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Fiat is turning its Panda city cars into a whole family of ‘multi-energy’ vehicles


Stellantis-owned Fiat revealed five new concepts that it says will serve as inspiration for a future family of vehicles that will come in a variety of powertrains while sharing the same platform.

The new lineup, inspired by the Italian automaker’s Panda city cars, will kick off in July 2024 with a new city car, followed by a new vehicle each year for the following three years. In addition, the concepts preview a pickup truck, a fastback sedan, an SUV, and a camper.

Fiat is hedging its bets, committing to producing not only electric versions of each vehicle but also hybrid and internal combustion engine versions. The automaker says this is to “ensure maximum relevance to customers wherever they live in the world.”

The new lineup, inspired by the Italian automaker’s Panda city cars, will kick off in July 2024

The announcement, timed for the Geneva International Motor Show this week, follows several months of slowing EV sales growth in most markets, as automakers struggle to produce affordable models and a working charging infrastructure. Hybrids, meanwhile, have been selling at a brisker pace than pure battery-electric vehicles.

Fiat is a leader in compact car sales, having sold 1.3 million vehicles in 2023, but has been struggling to maintain its presence in North America. The brand only moved 605 vehicles in the US last year, down about 33 percent from 2022. The Fiat 500e, the company’s new compact EV, is aimed at the North American market — but it’s unclear whether US car buyers are interested in something so small.

The new Panda lineup is intended to position Fiat as a brand with ideas that extend beyond tiny city cars. The boxy concepts will undoubtedly go through some changes before they become reality, so it’s unclear whether they’ll keep their bold primary colors and whimsical designs. Fiat says the new vehicles are intended to be both inspirational and utilitarian. Or, as the automaker puts it, “Functionality should never exist without Fun.”

“Look, we like having fun,” Fiat CEO Olivier Francois said in a charming video introducing the concepts. “We don’t take ourselves too seriously.”

The interior looks kind of like an Italian patio.

Fiat describes its city car concept as a “Mega-Panda,” measuring slightly larger than the current generation city car. But rather than build its new concept on that previous model, the automaker’s design team looked to architecture for its inspiration, specifically the iconic Lingotto building in Turin, Italy, with its helix access ramp and famous rooftop test track.

That translates into lots of ovals, in the dash and elsewhere around the vehicle, building off that familiar test track shape. The former Fiat factory building turned office space helped inspire a design language built around “structural lightness, space optimization and brightness.” Fiat says that includes its choice of materials for the dashboard, display, and seats — which includes sustainable materials like recycled plastics and bamboo fabrics.

The wheels are capped with diagonal straps, and the front grille is dotted with tiny pixels. And do my eyes deceive me, or is that a special compartment just for skateboards in the driver-side door??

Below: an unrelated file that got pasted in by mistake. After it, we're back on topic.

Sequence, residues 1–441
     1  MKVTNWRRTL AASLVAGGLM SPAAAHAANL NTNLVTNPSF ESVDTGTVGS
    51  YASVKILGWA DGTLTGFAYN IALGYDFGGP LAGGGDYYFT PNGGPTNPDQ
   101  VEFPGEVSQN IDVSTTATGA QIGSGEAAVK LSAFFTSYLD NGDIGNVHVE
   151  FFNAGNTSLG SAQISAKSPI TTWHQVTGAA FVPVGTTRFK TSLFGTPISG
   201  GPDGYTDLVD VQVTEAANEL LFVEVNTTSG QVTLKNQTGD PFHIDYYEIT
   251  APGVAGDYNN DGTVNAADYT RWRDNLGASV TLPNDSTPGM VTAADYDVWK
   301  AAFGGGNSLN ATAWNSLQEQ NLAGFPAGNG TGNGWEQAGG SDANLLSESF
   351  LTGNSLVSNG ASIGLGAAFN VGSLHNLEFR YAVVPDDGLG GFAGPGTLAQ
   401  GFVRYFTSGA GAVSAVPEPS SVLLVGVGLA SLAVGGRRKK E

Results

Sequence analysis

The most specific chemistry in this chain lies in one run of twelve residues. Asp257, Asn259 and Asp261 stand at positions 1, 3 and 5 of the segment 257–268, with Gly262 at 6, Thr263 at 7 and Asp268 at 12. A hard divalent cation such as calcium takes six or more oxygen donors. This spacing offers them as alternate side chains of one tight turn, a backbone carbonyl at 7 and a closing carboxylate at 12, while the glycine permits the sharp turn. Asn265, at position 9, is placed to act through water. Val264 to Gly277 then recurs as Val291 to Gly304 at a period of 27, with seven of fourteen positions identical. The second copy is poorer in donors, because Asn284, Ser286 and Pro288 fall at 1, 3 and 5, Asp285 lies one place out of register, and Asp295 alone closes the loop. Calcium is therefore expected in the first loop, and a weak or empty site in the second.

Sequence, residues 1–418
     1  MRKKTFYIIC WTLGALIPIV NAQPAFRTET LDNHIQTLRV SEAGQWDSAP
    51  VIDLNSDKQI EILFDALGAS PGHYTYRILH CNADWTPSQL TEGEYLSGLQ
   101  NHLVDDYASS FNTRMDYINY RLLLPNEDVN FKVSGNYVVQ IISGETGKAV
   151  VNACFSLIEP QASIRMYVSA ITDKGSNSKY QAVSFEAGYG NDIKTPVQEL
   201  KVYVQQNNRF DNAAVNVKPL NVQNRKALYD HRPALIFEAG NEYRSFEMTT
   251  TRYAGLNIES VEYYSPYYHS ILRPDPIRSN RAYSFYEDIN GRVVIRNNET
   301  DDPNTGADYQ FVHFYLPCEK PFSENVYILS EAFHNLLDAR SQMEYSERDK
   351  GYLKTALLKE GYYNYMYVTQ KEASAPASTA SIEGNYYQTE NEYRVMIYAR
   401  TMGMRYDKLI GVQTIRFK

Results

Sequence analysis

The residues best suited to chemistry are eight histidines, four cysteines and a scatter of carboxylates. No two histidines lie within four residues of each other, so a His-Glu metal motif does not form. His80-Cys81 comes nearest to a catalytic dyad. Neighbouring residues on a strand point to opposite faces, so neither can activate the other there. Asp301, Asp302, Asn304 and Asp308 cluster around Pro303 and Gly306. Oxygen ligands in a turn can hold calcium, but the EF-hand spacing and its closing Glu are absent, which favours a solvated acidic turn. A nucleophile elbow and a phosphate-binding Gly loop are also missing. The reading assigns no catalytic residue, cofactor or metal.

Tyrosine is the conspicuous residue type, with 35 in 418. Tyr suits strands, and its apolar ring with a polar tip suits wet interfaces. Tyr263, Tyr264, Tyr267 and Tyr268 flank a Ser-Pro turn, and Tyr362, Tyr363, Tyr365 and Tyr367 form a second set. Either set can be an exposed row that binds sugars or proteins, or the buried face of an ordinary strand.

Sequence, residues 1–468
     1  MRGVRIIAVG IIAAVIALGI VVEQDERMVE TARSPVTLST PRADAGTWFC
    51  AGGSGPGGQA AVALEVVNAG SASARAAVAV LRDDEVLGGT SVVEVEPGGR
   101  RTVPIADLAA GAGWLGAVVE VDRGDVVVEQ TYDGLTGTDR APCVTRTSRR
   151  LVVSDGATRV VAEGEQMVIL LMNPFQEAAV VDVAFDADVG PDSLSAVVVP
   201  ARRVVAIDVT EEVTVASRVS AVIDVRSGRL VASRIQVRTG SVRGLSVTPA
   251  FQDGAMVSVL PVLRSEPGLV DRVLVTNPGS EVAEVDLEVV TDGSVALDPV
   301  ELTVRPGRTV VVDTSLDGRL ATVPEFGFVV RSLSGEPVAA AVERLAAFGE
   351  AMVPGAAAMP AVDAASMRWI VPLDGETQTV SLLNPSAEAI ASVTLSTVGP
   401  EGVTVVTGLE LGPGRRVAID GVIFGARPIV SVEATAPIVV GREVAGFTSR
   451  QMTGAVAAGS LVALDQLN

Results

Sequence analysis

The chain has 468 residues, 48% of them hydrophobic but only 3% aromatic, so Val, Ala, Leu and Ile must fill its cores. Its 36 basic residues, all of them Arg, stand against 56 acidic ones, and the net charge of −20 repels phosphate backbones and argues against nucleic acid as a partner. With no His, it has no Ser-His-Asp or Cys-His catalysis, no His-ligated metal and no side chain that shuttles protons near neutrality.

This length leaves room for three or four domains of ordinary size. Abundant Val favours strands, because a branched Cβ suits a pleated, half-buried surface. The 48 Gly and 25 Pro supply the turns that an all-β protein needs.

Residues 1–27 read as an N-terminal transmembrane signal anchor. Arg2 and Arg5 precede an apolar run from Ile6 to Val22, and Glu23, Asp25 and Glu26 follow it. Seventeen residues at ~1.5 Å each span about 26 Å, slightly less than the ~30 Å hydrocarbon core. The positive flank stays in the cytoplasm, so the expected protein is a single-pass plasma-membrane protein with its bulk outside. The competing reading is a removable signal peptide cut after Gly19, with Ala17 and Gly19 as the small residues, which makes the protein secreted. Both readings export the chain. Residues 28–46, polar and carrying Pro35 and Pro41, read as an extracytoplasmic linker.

Francois says the city car will be based on the Stellantis “multi-energy platform,” meaning it will be available globally and compatible with all kinds of fuel (or lack thereof).

There are also some neat tricks, like a “self-winding” charging cable that Fiat says will make plugging and unplugging the vehicle easier. A high-riding position is meant to improve visibility for anyone driving the city car in an urban environment. But interior space is meant to invite drivers to take road trips or weekend excursions as well.

Fiat Panda truck concept.

The pickup is meant to build on Fiat’s Strada truck that is a top seller in South America. The company thinks it can grow beyond its regional appeal into something more global — thus, the pickup Panda concept.

Fiat promises it will have the functionality of a light commercial vehicle, with the comfort of an SUV — but in a size more suitable for urban environments. A modular roof rack can be adjusted to fit bicycles or surfboards, and the pixelated front lights can be removed and reattached to the rack for off-roading adventures.

Replace the rear bed with a more aero-focused rear end, and you’ve got the fastback concept. Inspired by the Fiat Fastback in Brazil and the Fiat Tipo in the Middle East and Africa, the concept is aimed at the South American, Middle Eastern, and African markets as well as Europe.

Francois says the “sporty touch” will help broaden the appeal. Or it can be supersized to transform it into an SUV, which the company calls its “Giga-Panda.” A step above the brand’s small car roots, the SUV concept will be aimed at families and those in need of more space. Under the hood — or floorboards, as it were — the Panda SUV concept will come in pure battery-electric, hybrid, or gas-powered engine models.

And lastly, a camper concept is for when you need to take the trip off the beaten path. “This concept pays homage to the ‘Fun-ctionality’ of the Panda from the 80s, recalling the versatility of a car that was made for the city with the features of a SUV and the soul of a trusty companion,” the company says.

It’s not clear which of these concepts will make it to the final stage and which will be left on the cutting room floor. Fiat is only committing to releasing four new vehicles over the next four years, despite unveiling a total of five concepts today. Hopefully the secret skateboard compartment survives to the end.



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